US7385421May 15, 2007Jun 10, 2008Actel CorporationBlock symmetrization in a field programmable gate array
US7389485Mar 28, 2006Jun 17, 2008Xilinx, Inc.Methods of routing low-power designs in programmable logic devices having heterogeneous routing architectures
US7389487Apr 28, 1998Jun 17, 2008Actel CorporationDedicated interface architecture for a hybrid integrated circuit
US7394289Apr 18, 2007Jul 1, 2008Actel CorporationSynchronous first-in/first-out block memory for a field programmable gate array
US7417457Jun 26, 2007Aug 26, 2008Advantage Logic, Inc.Scalable non-blocking switching network for programmable logic
US7423453Jan 20, 2006Sep 9, 2008Advantage Logic, Inc.Efficient integrated circuit layout scheme to implement a scalable switching network used in interconnection fabric
US7434080Sep 3, 2002Oct 7, 2008Actel CorporationApparatus for interfacing and testing a phase locked loop in a field programmable gate array
US7460529Jul 29, 2004Dec 2, 2008Advantage Logic, Inc.Interconnection fabric using switching networks in hierarchy
US7538580Jul 24, 2007May 26, 2009Viasic, Inc.Logic array devices having complex macro-cell architecture and methods facilitating use of same
US7545166Apr 25, 2008Jun 9, 2009Actel CorporationField-programmable gate array low voltage differential signaling driver utilizing two complimentary output buffers
US7545168Apr 18, 2008Jun 9, 2009Actel CorporationClock tree network in a field programmable gate array
US7549138Aug 13, 2007Jun 16, 2009Actel CorporationParallel programmable antifuse field programmable gate array device (FPGA) and a method for programming and testing an antifuse FPGA
US7557611Feb 20, 2008Jul 7, 2009Actel CorporationBlock level routing architecture in a field programmable gate array
US7557612May 30, 2008Jul 7, 2009Actel CorporationBlock symmetrization in a field programmable gate array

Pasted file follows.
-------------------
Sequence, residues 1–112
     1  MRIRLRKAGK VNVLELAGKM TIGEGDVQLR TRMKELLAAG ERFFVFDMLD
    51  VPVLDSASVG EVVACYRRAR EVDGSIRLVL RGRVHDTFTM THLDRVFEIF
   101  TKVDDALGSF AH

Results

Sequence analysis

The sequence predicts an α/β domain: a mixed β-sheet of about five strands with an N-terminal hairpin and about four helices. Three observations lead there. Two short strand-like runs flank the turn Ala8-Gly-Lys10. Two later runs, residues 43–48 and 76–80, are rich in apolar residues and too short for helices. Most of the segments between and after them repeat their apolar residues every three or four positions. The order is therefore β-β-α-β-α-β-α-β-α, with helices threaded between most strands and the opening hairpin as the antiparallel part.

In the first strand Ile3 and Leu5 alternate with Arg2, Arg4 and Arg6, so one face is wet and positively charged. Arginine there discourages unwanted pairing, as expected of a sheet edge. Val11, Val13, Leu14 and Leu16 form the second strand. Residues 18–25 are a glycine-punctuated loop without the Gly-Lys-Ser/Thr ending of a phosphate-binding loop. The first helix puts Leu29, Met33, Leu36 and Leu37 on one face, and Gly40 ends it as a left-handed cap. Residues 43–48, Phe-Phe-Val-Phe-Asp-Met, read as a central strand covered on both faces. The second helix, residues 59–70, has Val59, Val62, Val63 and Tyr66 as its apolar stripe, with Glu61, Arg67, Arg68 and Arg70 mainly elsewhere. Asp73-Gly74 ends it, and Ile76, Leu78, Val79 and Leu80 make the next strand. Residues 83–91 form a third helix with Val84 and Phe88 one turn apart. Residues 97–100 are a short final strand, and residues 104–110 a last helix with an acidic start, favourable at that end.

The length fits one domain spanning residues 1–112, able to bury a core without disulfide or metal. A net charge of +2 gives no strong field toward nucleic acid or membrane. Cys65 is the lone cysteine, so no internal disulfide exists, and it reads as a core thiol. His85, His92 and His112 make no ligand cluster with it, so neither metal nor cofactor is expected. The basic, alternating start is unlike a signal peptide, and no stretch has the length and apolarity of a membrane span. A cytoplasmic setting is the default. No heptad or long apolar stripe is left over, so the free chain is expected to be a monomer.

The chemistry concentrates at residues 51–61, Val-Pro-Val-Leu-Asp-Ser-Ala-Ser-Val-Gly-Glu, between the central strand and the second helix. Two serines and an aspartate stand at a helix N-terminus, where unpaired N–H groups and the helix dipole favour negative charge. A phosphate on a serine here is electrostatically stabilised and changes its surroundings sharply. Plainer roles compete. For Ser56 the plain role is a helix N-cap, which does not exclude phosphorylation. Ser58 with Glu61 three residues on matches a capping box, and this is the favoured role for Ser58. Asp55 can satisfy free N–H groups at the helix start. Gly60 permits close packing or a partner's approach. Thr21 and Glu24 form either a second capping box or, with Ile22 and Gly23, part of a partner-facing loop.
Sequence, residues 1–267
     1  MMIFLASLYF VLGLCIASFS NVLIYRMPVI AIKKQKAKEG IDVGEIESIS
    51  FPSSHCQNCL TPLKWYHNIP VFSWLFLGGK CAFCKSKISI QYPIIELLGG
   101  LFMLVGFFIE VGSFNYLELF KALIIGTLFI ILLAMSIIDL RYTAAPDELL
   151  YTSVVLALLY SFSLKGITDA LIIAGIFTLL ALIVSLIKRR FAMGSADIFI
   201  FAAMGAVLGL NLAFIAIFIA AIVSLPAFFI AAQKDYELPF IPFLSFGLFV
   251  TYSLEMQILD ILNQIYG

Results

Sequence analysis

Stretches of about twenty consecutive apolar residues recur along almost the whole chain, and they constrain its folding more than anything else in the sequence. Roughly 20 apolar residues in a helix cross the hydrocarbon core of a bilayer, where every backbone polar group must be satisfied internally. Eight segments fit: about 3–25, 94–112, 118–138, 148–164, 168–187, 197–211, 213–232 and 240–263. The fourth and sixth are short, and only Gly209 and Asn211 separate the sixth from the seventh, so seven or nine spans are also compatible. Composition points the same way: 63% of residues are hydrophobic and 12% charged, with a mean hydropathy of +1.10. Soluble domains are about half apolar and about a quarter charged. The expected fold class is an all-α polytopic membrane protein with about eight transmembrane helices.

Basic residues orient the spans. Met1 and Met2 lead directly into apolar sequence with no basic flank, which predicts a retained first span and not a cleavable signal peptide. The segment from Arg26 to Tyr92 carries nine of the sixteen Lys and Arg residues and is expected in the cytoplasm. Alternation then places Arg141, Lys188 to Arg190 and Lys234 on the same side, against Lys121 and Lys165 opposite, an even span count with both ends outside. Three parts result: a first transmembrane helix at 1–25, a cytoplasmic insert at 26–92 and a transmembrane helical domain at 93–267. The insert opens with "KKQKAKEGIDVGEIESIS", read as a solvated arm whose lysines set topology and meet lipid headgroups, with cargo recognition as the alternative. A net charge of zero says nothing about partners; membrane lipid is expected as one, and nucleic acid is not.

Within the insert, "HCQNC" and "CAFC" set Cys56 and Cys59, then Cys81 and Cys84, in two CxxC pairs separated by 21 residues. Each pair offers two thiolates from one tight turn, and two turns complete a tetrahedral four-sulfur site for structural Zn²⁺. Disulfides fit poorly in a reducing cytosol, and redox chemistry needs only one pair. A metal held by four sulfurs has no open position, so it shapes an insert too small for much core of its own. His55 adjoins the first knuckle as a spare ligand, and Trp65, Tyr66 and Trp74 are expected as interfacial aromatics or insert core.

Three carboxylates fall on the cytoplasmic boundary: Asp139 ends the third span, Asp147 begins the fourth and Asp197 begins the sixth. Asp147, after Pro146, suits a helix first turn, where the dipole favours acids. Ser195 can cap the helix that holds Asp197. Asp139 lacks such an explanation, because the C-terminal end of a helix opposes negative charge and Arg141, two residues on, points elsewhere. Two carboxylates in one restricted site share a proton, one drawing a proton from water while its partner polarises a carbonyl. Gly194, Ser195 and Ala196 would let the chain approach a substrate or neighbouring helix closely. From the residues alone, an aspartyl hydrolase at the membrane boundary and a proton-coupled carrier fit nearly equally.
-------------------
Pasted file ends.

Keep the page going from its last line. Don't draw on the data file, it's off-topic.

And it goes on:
US7557613Jul 16, 2008Jul 7, 2009Advantage Logic, Inc.Scalable non-blocking switching network for programmable logic
US7579868Aug 22, 2007Aug 25, 2009Actel CorporationArchitecture for routing resources in a field programmable gate array
US7579869Jun 2, 2008Aug 25, 2009Actel CorporationRepeatable block producing a non-uniform routing architecture in a field programmable gate array having segmented tracks
US7672153Jul 14, 2008Mar 2, 2010Actel CorporationDeglitching circuits for a radiation-hardened static random access memory based programmable architecture
US7692309Sep 6, 2007Apr 6, 2010Viasic, Inc.Configuring structured ASIC fabric using two non-adjacent via layers
US7768302May 26, 2009Aug 3, 2010Advantage Logic, Inc.Scalable non-blocking switching network for programmable logic
US7774665Aug 26, 2008Aug 10, 2010Actel CorporationApparatus for testing a phrase-locked loop in a boundary scan enabled device
US7830173Mar 10, 2009Nov 9, 2010Actel CorporationMethod and apparatus for universal program controlled bus architecture
US7863932Jun 4, 2010Jan 4, 2011Advantage Logic, Inc.Scalable non-blocking switching network for programmable logic
US7893712Sep 10, 2009Feb 22, 2011Xilinx, Inc.Integrated circuit with a selectable interconnect circuit for low power or high performance operation
US7915918Oct 29, 2010Mar 29, 2011Actel CorporationMethod and apparatus for universal program controlled bus architecture
US7930670Apr 29, 2009Apr 19, 2011Viasic, Inc.Using selectable in-line inverters to reduce the number of inverters in a semiconductor design
US7986163Nov 29, 2010Jul 26, 2011Advantage Logic, Inc.Scalable non-blocking switching network for programmable logic
US7999570Jun 24, 2009Aug 16, 2011Advantage Logic, Inc.Enhanced permutable switching network with multicasting signals for interconnection fabric
US8120382 *Mar 5, 2010Feb 21, 2012Xilinx, Inc.Programmable integrated circuit with mirrored interconnect structure
US8242807Jun 21, 2011Aug 14, 2012Advantage Logic, Inc.Scalable non-blocking switching network for programmable logic
US8395415Jul 8, 2011Mar 12, 2013Advantage Logic, Inc.Enhanced permutable switching network with multicasting signals for interconnection fabric
US8698519Jul 17, 2012Apr 15, 2014Advantage Logic, Inc.Scalable non-blocking switching network for programmable logic
WO2000049718A1 *Feb 22, 2000Aug 24, 2000Actel CorpGlobal signal distribution architecture in a field programmable gate array
Classifications
U.S. Classification326/41, 326/39
International ClassificationH03K19/177
Cooperative ClassificationH03K19/17792, H03K19/17736, H03K19/17728
European ClassificationH03K19/177D2, H03K19/177J6, H03K19/177F
Legal Events
DateCodeEventDescription
Mar 29, 2010FPAYFee payment
Year of fee payment: 12
Mar 24, 2006FPAYFee payment
Year of fee payment: 8
Feb 5, 2002FPAYFee payment
Year of fee payment: 4
Oct 16, 1995ASAssignment
Owner name: XILINX, INC., CALIFORNIA
Free format text: ASSIGNMENT OF ASSIGNORS INTEREST;ASSIGNORS:TRIMBERGER, STEPHEN M.;DUONG, KHUE;REEL/FRAME:007896/0377
Effective date: 19951016